Probe Reclaimed Lake Land Deals: NGOs

Environmental groups have called on the government to investigate alleged irregularities in the sell-off of land in the Boeung Ta Mok Lake area to private interests.

Ta Mok development ‘breaks approved plan’

PHNOM PENH–Environmental groups have called on the government to investigate alleged irregularities in the sell-off of land in the Boeung Ta Mok Lake area to private interests.

Twenty-seven civil society groups issued a joint statement on June 2 urging the government also to address environmental concerns.

They said that in the past two years of the COVID-19 outbreak, 65 percent of reclaimed Boeung Ta Mok Lake land had been granted to private and public institutions for construction projects without a clear plan, contrary to the approved land-use plan. ​​​​ Filling in the lake to provide land had affected people's livelihoods and caused urban flooding.

Heng Kimhong, program manager at the Cambodian Youth Network, said Ta Mok Lake was raised to mark World Environment Day on June 5 because the lake issue was a key contributor to flooding in Phnom Penh.

It is also the last big lake with a vital role in holding treated sewage and stopping it from flowing into the city.

The civil society groups were concerned about the impact of filling in the lake on local people and the environment, he said, adding that the government should allocate the land fairly.

“We are concerned about land acquisition for privatization by selling off state land to private companies without transparency,” Kimhong said.

Seang Mouylay, housing rights and research project manager of Sahmakum Teang Tnaut (STT), said filling in Ta Mok Lake affected villagers who made ends meet from the lake. Most of the fish and collect lotus flowers, he said.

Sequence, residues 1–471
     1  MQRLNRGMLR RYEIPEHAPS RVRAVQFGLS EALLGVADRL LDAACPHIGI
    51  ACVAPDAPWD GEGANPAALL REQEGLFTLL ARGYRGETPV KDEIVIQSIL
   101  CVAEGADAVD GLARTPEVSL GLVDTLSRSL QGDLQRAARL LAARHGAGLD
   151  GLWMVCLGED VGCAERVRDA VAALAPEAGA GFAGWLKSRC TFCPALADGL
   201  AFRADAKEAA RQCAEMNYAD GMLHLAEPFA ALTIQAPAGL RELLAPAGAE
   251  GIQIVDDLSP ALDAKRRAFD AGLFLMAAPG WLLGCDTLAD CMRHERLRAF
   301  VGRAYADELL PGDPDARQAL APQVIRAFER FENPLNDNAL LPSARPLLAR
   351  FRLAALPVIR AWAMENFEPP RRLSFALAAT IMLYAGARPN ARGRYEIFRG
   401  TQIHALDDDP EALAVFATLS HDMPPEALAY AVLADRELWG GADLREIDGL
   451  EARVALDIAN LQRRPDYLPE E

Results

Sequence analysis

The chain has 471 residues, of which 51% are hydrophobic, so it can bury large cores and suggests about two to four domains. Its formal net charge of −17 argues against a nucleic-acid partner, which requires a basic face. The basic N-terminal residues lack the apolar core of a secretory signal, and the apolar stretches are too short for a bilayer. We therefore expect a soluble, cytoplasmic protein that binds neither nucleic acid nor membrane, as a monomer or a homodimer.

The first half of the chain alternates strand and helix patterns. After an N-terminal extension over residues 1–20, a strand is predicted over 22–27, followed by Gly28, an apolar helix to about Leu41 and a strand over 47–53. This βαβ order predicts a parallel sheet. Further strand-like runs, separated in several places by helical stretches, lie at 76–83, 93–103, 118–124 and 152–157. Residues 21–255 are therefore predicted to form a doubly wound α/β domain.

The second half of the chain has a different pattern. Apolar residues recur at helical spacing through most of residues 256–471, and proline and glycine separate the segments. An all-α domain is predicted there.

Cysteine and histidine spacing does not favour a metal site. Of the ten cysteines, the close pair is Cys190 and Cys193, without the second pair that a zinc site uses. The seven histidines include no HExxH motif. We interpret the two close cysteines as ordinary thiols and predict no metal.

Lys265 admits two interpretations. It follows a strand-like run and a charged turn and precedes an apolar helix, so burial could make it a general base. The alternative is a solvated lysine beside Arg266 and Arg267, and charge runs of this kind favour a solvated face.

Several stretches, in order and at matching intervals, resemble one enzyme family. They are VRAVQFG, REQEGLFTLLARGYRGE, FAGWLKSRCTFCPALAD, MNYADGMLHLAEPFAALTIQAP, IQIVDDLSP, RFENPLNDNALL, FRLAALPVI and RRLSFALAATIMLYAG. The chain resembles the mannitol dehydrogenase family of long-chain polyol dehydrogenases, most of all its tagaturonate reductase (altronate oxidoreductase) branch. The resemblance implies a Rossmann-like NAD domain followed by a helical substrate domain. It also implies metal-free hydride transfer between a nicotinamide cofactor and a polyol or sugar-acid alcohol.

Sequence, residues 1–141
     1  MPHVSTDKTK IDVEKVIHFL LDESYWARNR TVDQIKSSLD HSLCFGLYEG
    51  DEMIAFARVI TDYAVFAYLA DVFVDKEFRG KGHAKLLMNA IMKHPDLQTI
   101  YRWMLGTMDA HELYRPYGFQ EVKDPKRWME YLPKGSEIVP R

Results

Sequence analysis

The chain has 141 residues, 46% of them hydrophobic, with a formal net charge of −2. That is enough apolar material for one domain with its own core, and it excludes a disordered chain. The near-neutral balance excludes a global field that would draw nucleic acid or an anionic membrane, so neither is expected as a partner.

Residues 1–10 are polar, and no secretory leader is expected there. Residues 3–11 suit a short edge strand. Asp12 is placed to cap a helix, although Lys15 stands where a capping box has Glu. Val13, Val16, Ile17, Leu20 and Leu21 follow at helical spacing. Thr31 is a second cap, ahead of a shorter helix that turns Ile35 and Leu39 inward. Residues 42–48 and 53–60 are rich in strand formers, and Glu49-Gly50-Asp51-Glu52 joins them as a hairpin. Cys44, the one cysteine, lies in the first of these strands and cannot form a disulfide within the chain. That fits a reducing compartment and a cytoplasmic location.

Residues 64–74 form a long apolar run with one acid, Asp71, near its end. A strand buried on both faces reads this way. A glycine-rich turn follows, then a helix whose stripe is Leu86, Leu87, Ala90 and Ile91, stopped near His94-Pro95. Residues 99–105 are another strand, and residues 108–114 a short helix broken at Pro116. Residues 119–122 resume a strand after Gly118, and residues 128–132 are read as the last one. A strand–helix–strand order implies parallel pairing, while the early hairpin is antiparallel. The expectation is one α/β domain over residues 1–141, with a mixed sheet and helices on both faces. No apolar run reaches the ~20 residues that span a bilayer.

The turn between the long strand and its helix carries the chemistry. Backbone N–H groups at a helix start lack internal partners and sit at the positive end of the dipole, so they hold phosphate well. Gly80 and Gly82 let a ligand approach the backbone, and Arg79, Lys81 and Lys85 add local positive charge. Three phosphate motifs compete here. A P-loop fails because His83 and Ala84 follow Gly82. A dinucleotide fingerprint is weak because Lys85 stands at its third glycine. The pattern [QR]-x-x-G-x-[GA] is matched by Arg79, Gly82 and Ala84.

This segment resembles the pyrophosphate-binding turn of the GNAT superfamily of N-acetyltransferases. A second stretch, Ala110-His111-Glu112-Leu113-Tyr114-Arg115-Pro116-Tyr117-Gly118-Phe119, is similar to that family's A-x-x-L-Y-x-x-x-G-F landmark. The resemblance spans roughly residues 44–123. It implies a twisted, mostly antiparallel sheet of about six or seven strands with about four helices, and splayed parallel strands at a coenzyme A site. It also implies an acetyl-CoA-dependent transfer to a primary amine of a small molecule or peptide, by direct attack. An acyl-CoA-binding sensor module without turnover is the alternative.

Some borrowed money from microfinance institutions during the COVID-19 outbreak to raise fish as they could no longer catch fish in the lake, Mouylay said.

Around 20 families were evicted and moved to another place without proper compensation. He said that Ta Mok Lake is a big natural lake that can prevent flooding in Phnom Penh city.

“Filling Ta Mok Lake seriously affects the livelihood of people who enjoy fishing and lotus cultivation,” he said.

According to STT research, about 300 families and about 1,000 people live around the lake, most of whom are engaged in fishing, farming and renting small houses.

Development should be balanced

Mouylay said he appreciated the government’s efforts for social and economic development but development must​ benefit everyone and be without corruption.

He said the government should reassess Ta Mok Lake so that everyone can enjoy the development with less effect on the environment.

Heng Kimhong of CYN urged the government to consider the environmental impacts before approving any development, which should balance advantages and disadvantages.

Government spokesman Phay Siphan said the civil society groups should be more specific and aware of the mechanisms set out by the government for the development of Ta Mok Lake.

Some villagers who were evicted had illegally taken state land beside the lake.  They had been compensated with another plot at a different place but they sold that land to others, Siphan said.

“NGOs should go and ask the department of land management to find out to whom the state granted the land, how many hectares had been sold, and what the mechanisms are so that they can get rid of their concerns over the transparency of the land provision,” Siphan said.

He said the government had two policies for infilling Ta Mok Lake. The government would provide land for those living nearby who are affected and some areas were sold because they belonged to the state.

“This lake belongs to the state, so we have authority to use it for public and state interests,” Siphan said.   

Environment spokesperson Neth Pheaktra could not be reached for comment.

Boeung Tamok spans two districts, six communes and 25 villages, with residents farming and running small businesses in addition to fishing and aquaculture, according to STT.

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